The Star’s Oct. 19 editorial regarding shortchanging neighboring cities to collect available federal transportation funds to replace the Buck O’Neil Bridge focuses in the wrong direction, and the point is muddled. (16A, “Don’t pick other cities’ pockets to pay for a new downtown bridge”)
The Missouri Department of Transportation works with the Mid-America Regional Council to consider allocating available transportation funding as directed by the federal government. It’s mandated. Readers might infer from your editorial that Kansas City officials are somehow throwing their weight around to edge out others.
Sure, there are elbows thrown in the process — by all government entities. But reporters and editors are failing if they focus on that point.
Where is the current presidential administration’s and Congress’ infrastructure proposal? No plan, no bill, no clue — just a ghastly exhibition of fragile ego, failure to govern, key cabinet members questioning the president’s intelligence in the most obscene language and a lack of facts or truthfulness from this administration that has the rest of the world slack-jawed.
Infrastructure needs are everywhere, particularly in surface transportation.
If you want to build a safe and efficient future, you invest in repairs and upgrades. You don’t do it through privatization, but openly, with competitive bidding and an earnest effort to provide jobs to those who desperately need them.
To achieve peace
I think it is important to know that many people are working for peace on both sides of the conflict that envelops Israel, just as there are people on both sides who see no peace possible because of escalating violence and insecurity.
The lack of trust adds to the problem.
For peace, there has to be a moderate approach that does not spread lies and hatred on either side.
I found Melinda Henneberger’s Oct. 18 column, “What a Palestinian peacemaker can teach us,” one-sided, making it look as if only Israel is wrong, and totally ignoring the bombs and terrorist attacks that have taken place against Israel for decades.
People on both sides of the conflict have been hurt. Besides the Arabs who left Israel after 1948, an equal number of Jews were forced out of all the surrounding Arab nations.
There is no simplistic answer, except to stop killing each other.
There are better ways to solve problems. There has to be acceptance that Israel will exist.
The haters have been the winners. It would be wonderful if the true peacemakers were in control. To truly make peace you must walk in the paths of all involved.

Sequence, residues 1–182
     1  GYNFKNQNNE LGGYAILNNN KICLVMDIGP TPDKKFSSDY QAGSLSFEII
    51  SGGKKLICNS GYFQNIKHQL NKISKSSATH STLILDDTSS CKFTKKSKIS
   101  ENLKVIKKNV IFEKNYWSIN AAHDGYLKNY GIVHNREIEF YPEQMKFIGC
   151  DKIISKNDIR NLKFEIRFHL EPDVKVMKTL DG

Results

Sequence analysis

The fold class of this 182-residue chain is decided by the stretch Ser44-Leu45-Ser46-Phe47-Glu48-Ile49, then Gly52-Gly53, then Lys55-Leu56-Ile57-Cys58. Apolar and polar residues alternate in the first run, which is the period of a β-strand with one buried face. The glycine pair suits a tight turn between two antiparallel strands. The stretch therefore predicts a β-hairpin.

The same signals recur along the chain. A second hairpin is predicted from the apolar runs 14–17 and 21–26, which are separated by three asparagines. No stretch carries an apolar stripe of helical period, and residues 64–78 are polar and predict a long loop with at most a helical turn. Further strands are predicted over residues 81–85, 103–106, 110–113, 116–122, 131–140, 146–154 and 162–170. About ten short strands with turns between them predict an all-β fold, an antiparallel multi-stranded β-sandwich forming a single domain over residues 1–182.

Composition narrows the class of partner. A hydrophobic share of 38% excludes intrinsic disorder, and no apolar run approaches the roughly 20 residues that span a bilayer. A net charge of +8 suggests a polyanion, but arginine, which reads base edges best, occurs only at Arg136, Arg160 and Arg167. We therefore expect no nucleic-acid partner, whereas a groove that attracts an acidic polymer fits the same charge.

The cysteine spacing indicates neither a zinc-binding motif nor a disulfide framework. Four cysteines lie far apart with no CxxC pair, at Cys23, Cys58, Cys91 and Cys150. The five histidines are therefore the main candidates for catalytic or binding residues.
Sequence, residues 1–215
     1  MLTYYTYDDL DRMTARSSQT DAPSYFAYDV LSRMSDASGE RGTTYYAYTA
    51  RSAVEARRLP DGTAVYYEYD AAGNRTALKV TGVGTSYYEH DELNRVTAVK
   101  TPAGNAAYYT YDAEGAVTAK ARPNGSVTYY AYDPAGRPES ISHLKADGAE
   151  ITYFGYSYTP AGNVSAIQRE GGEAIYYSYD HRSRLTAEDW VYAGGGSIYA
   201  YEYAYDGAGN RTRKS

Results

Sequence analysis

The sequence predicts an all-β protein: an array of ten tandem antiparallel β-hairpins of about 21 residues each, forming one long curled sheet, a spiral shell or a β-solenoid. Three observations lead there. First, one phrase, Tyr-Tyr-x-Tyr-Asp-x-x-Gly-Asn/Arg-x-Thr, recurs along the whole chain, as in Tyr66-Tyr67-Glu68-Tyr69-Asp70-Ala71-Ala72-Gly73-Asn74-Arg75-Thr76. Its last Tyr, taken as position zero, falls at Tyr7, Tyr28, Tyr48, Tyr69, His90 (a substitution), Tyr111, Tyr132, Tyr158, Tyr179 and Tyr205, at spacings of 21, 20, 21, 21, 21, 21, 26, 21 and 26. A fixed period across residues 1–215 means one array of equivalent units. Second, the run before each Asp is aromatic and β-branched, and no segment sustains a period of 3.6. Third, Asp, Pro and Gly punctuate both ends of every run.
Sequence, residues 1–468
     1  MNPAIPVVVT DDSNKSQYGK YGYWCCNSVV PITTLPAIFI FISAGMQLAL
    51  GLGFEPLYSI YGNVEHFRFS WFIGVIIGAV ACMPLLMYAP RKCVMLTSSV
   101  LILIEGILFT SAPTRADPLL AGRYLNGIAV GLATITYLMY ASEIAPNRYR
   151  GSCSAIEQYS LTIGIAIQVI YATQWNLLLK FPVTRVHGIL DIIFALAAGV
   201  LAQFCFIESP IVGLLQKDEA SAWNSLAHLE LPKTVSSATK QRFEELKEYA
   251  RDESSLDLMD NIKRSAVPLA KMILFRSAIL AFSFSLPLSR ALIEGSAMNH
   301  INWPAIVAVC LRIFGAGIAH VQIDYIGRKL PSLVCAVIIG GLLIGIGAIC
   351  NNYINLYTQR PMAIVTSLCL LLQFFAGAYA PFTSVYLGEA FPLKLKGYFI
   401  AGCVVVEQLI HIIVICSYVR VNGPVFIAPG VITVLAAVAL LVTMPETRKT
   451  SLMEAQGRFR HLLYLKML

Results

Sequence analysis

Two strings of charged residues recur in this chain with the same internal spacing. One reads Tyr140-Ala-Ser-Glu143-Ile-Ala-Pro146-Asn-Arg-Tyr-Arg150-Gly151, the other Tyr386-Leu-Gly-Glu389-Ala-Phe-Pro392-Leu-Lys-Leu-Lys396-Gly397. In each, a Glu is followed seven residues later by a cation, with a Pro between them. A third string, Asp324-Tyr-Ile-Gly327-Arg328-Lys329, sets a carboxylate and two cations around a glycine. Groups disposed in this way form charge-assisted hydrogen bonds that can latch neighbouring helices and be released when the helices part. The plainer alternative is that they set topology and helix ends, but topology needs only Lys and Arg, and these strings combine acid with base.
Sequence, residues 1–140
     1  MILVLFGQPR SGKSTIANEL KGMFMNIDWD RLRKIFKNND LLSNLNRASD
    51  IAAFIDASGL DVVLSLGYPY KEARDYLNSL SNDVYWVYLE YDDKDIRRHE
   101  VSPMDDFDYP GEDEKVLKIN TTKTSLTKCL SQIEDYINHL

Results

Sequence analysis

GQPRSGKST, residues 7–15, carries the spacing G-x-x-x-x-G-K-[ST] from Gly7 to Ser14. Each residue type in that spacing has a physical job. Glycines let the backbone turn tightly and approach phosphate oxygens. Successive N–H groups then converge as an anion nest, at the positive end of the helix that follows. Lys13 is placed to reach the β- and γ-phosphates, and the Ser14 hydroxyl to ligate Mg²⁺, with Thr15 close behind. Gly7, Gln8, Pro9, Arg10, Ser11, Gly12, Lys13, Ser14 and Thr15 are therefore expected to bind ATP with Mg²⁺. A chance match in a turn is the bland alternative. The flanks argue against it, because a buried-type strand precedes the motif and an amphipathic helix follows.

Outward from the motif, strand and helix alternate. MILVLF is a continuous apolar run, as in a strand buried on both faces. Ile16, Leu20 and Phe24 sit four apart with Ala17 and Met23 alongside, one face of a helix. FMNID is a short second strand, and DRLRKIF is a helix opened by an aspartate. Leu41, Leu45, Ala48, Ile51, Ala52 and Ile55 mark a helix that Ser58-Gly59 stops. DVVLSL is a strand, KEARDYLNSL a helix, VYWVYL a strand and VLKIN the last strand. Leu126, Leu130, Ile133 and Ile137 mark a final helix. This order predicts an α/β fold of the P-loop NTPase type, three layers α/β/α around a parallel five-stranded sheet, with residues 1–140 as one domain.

No more NFL
Well, they’ve done it again. The dear old billionaire group, the NFL, has spoken. Commissioner Roger Goddell lamented the dispute over kneeling for the national anthem, saying that the issue “is threatening to erode the unifying power of our game.”
What is he talking about? Unity? Like the game is all-important?
As a longtime fervent NFL supporter, I contend that the commissioner and owners are adding to the disunity in our country by taking an elitist position that their millionaire players mean more to us than our country, flag and tradition. They are wrong.
The NFL is not our national pastime. It’s merely a carryover from Roman times and the Colosseum battles featuring gladiators or the Christians versus the lions.
Baseball is a lot more collegial and remains our national game. It also has no history of killing its players prematurely from repeated concussions emanating from its violence.
I was born and raised in Southern California before relocating to Kansas City in November 1987. I follow the Los Angeles teams except for the Clippers and Chargers.
Now that I live here, someone asked me if I follow the Kansas City teams. Of course, I replied.
But if it came down to World Series between the Royals and Dodgers, whom would I be rooting for?
My wife loves her Royals, and I love my Dodgers, so we might have to sit on opposite sides if it takes place.
I had three wishes for this year and next: the Dodgers making the World Series, Dayton Moore signing all four of our free agents to long-term contracts and the Chiefs going to the Super Bowl.
The first wish has come true. Is it too much to ask for the other two?